The first act plays out as a great thriller. You've got no direct contact with zombies, you're just hearing first hand and second hand accounts from folks calling in, and the producers are trying their best to piece together a coherent story. Things start to escalate in the second act, with zombies actually showing up at the station. Some of these scenes are terrifying. Just very tense stuff going on then. We start to find out what's causing all this, and it's a novel take on the typical zombie fare. There's a lot of interesting discussion to be had about all of this, and the movie does a great job positing this sort of metaphorical tie to the real world without getting preachy or overly didactic. Unfortunately, I feel like the third act falters a bit. Basically, there's not much resolution here, it just sorta ends. Oh, there's an attempt at resolution, and I guess you could call it ambiguous, but it doesn't quite work as well as it could. This is apparently based on a book, so I wonder if it's more clear there than in the movie. Its origins in literature makes sense though, as a lot of the dialog feels, er, writerly (and I mean that in a good way, it's really well done) and Stephen McHattie (typically cast as a villain, but making an excellent lead protagonist here) has a great voice and delivers it all with aplomb (Lisa Houle and Georgina Reilly also do well in supporting roles, but their dialog isn't as meaty). Regardless, despite the ending, I think this is very much worth watching and it actually might be one of my favorites of this 6WH... Definitely worth checking out, even if you're not a big zombie person (and for the record, I'm not). ***
  • The Hitchhiker's Guide To Murder (short)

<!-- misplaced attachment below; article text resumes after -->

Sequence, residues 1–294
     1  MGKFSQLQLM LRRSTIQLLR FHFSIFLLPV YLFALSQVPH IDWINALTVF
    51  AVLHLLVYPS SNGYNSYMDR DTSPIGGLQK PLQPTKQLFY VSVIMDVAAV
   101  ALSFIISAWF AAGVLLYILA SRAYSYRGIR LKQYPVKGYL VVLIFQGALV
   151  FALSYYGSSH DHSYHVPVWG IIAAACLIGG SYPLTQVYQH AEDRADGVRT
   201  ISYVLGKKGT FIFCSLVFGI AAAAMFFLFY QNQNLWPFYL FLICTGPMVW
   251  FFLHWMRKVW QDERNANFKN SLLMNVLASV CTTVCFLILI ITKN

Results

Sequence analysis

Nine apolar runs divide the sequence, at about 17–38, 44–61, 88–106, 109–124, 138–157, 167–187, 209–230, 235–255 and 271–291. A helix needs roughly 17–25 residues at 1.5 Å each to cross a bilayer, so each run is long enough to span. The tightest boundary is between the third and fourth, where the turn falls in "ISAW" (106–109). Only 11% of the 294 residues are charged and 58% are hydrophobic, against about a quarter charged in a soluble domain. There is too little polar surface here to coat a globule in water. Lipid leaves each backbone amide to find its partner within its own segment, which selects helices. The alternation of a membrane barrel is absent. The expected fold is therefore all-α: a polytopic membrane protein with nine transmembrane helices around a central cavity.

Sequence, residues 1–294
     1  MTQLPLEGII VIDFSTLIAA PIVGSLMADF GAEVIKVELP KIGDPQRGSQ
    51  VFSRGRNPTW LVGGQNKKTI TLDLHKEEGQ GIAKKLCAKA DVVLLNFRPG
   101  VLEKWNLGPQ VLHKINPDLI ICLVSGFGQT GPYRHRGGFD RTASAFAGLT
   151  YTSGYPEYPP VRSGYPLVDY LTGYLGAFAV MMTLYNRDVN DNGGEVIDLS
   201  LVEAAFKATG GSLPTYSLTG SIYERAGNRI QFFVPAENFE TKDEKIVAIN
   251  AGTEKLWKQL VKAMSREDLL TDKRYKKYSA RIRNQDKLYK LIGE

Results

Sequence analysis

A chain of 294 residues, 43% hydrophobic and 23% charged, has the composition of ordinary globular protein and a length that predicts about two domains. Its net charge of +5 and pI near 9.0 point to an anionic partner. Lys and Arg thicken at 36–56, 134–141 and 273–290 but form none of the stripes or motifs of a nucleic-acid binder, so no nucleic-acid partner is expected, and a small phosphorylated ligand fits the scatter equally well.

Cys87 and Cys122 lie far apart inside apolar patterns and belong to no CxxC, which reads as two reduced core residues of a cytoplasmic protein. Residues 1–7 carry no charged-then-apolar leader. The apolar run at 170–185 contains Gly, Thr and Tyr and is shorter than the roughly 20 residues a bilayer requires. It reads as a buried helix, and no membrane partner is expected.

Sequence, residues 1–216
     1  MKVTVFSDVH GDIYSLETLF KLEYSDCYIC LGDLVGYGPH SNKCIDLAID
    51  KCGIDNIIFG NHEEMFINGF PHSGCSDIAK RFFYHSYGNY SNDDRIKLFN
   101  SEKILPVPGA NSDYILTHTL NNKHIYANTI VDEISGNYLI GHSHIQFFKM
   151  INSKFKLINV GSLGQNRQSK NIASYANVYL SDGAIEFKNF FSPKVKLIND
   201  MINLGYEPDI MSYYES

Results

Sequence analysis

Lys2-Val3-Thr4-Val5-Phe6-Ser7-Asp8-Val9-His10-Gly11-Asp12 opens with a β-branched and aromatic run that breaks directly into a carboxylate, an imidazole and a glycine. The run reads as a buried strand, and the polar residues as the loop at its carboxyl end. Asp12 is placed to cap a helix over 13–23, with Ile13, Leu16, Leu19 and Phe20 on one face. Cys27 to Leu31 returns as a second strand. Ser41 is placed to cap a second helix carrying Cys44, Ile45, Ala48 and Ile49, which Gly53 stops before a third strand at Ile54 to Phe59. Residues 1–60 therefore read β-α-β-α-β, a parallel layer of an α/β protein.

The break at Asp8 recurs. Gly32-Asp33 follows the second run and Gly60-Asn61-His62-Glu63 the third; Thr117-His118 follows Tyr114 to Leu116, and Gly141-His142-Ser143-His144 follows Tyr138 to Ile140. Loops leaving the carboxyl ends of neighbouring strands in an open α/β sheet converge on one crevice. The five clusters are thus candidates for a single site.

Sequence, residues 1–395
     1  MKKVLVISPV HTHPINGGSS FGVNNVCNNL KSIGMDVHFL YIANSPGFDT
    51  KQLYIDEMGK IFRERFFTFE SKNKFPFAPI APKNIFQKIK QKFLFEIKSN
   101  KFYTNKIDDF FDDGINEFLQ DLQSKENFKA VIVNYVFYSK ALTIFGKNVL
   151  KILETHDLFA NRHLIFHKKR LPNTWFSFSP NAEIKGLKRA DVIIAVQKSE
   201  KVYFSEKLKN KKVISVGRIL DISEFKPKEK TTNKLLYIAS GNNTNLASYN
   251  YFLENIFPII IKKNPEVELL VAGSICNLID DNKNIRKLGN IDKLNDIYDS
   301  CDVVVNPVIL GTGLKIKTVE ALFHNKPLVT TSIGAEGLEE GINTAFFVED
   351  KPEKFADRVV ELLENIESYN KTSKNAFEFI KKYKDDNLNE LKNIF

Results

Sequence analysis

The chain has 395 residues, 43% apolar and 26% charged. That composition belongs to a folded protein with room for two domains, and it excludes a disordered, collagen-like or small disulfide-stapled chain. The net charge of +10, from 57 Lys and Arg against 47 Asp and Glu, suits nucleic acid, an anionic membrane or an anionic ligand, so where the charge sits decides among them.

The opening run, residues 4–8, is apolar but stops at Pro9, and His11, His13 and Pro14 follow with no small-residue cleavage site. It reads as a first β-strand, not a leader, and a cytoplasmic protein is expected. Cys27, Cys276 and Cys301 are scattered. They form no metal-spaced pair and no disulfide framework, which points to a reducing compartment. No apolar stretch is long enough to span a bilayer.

• Shaun of the Dead (trailer)
  • Slither (trailer)
  • Dead Snow - This movie can be summed up in two words: Nazi zombies. What else do you need, amirite? Alright, so we've got a typical horror movie setup: a bunch of kids (in this case, early 20 something grad students) head to a remote cabin for partying... and death! Other tropes are hit hard too. A creepy old man shows up to drop history on our unsuspecting heroes, plenty of slasher-like stalking sequences, and so on. The setting is great, all wintery snow and visible breath, but the tone is a bit all over the place. It's definitely got a goofy streak that I suspect would play well in a crowded theater, but watching it alone makes it seem a bit odd. Still, Nazi zombies.
    Nazi Zombies!
    Some amazing gore and the all out battle towards the end is great fun. Alas, the ultimate motivation of the Nazi zombies is a bit hokey (gold!) and inconsistent (there are folks who bite it that don't seemingly warrant Nazi zombie attention), and the ending leaves a bit to be desired (though the last shots are good). So yeah, I had fun with this, but it's not really pretending to be anything more than a movie with Nazi zombies in it. As gimmicks go, that's a good one, so I'd say it's worth checking out. **1/2
So there you have it. Three films down, 171 left in the queue. So much for cleaning out my list, heh. Stay tuned for a Final Girl film club review, moar Saw movies, and some feminist discourse on horror. Lots to come.